The EU’s ombudsman reached its decision on the ICCL complaint in December — after a year long enquiry.
In an eight-page decision on whether the Commission collects sufficient information to monitor Ireland’s implementation of the GDPR, Dr Emily O’Reilly wrote that “EU citizens are entitled to expect that the European Commission collects sufficient information to monitor the application of that legislation”.
She went on to welcome the fact she found the Commission reportedly receiving “bi-monthly” reports from the DPC on the handling of “big tech” cases but suggested there was room for more improvement — such as maintaining a table of “pre-determined fields” containing key details and key steps taken, as the Commission has now committed it will.
If it were not to apply this “specific targeted monitoring measure”, the Ombudsman concluded she “would have had serious doubts as to the adequacy of the information that the European Commission relies on”. So, again, there’s not going to be any way back from this formalized monitoring process for the Commission — a standard is being set and required.
In a separate GDPR enforcement related development the Commission mentioned in its work program last year, it has also said it will be presenting a proposal to improve cooperation between data protection authorities on cross-border GDPR cases — so further changes are afoot which may help tackle delays kicked up by disputes between DPAs who fail to agreed on how to enforce against tech giants.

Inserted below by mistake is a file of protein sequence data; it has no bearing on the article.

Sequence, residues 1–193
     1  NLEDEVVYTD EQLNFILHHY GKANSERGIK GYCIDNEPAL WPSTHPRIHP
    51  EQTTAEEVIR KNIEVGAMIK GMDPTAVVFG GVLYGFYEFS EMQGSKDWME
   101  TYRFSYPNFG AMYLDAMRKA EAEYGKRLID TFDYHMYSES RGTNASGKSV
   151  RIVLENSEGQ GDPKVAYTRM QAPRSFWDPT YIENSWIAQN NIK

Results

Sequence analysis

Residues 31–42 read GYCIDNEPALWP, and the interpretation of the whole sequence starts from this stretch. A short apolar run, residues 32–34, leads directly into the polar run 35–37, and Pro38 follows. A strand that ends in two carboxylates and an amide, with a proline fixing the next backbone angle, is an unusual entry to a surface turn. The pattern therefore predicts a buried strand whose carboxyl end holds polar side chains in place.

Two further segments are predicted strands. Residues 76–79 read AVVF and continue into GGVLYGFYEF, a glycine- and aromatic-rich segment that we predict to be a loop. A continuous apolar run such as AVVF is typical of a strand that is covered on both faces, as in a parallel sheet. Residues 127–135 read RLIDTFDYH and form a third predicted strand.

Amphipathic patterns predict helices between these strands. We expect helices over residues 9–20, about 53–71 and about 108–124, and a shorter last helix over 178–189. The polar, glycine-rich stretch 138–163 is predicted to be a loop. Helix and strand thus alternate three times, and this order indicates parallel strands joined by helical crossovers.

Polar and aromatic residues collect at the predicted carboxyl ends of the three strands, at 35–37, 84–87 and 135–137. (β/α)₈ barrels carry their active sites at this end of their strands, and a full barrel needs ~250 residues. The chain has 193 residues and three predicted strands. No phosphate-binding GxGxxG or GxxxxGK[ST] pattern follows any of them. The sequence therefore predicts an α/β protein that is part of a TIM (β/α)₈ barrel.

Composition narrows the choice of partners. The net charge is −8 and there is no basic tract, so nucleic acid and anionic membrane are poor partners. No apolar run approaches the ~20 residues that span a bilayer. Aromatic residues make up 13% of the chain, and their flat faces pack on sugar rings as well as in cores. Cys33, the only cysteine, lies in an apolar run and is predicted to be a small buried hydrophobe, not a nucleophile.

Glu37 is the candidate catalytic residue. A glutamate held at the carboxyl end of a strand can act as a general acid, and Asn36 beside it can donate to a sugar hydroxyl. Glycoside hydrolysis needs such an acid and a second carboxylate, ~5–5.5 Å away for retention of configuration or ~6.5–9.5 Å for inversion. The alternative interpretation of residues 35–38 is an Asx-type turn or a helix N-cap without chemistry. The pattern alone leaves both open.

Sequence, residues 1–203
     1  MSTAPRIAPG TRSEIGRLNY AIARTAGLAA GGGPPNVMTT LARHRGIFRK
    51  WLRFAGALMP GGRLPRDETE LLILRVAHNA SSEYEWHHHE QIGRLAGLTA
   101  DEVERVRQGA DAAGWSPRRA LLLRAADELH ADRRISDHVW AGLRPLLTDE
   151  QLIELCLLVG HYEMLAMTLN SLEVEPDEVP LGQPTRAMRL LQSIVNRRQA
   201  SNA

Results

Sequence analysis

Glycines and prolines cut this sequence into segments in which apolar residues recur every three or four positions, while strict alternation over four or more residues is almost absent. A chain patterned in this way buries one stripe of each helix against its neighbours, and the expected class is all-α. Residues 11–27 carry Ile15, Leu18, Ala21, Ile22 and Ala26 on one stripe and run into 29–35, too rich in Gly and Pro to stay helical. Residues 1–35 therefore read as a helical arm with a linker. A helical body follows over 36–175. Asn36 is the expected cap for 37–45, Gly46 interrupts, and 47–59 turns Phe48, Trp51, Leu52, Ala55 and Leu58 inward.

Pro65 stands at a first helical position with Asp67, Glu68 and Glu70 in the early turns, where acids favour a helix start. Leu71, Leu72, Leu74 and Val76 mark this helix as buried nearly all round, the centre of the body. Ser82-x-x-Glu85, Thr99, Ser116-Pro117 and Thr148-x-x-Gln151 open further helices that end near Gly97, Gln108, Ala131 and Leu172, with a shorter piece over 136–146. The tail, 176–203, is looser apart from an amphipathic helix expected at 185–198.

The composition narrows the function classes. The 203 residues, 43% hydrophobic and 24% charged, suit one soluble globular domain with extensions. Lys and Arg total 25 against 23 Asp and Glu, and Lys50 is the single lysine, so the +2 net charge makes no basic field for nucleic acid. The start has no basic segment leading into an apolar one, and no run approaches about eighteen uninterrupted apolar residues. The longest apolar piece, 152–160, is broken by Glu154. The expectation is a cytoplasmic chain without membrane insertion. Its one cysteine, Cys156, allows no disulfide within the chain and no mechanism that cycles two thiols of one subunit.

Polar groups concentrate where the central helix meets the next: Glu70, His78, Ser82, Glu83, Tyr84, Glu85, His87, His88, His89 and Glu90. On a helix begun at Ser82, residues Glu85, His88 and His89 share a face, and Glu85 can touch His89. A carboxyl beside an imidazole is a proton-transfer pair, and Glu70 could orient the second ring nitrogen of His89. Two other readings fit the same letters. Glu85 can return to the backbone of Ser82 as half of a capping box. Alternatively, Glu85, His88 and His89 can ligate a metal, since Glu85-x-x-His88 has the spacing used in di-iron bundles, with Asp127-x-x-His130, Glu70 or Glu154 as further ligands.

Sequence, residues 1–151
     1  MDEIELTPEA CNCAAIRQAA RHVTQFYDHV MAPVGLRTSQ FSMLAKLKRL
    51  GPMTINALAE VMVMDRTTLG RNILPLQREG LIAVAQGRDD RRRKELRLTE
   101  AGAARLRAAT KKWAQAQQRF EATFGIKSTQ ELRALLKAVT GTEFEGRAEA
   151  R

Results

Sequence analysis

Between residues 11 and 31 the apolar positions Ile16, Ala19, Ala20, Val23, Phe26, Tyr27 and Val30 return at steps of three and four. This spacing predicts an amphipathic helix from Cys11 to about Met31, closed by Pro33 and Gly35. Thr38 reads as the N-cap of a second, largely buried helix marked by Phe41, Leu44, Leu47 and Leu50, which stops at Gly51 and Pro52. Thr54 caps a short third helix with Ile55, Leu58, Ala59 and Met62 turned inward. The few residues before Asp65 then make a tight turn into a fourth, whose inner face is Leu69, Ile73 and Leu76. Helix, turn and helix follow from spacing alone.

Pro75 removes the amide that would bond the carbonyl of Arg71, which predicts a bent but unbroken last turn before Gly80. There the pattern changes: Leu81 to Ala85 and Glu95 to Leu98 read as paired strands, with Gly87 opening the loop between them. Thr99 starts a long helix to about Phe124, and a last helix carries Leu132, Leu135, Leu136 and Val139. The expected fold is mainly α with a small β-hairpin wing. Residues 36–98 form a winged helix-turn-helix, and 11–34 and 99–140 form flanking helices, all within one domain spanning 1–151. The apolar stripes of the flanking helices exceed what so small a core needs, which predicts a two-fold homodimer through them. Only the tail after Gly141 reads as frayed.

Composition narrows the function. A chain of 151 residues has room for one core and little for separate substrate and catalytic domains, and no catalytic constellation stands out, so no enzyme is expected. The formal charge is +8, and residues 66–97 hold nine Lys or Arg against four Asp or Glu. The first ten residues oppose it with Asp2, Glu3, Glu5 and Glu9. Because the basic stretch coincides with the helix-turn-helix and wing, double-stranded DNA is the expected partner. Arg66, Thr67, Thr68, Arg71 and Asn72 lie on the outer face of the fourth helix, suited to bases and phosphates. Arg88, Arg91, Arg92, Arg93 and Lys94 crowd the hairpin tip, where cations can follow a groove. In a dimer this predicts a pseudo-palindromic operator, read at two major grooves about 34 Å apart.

Again, there’s no concrete timings attached to this development — beyond a pledge from the Commission to come with a proposal this year. (But it would then need the other EU institutions to weigh in and agree any changes.)
Never one to waste a PR opportunity, in a joint speech this week, the EU’s president, Ursula von der Leyen, and justice commissioner, Didier Reynders, pitched the move as the Commission wanting to “further strengthen the enforcement of the GDPR”, as they spun it — writing that, working together with the EDPB, they’ve “started looking into ways to further enhance cooperation in cross-border cases”, and “will present a proposal this year to further harmonise relevant procedures for DPAs”.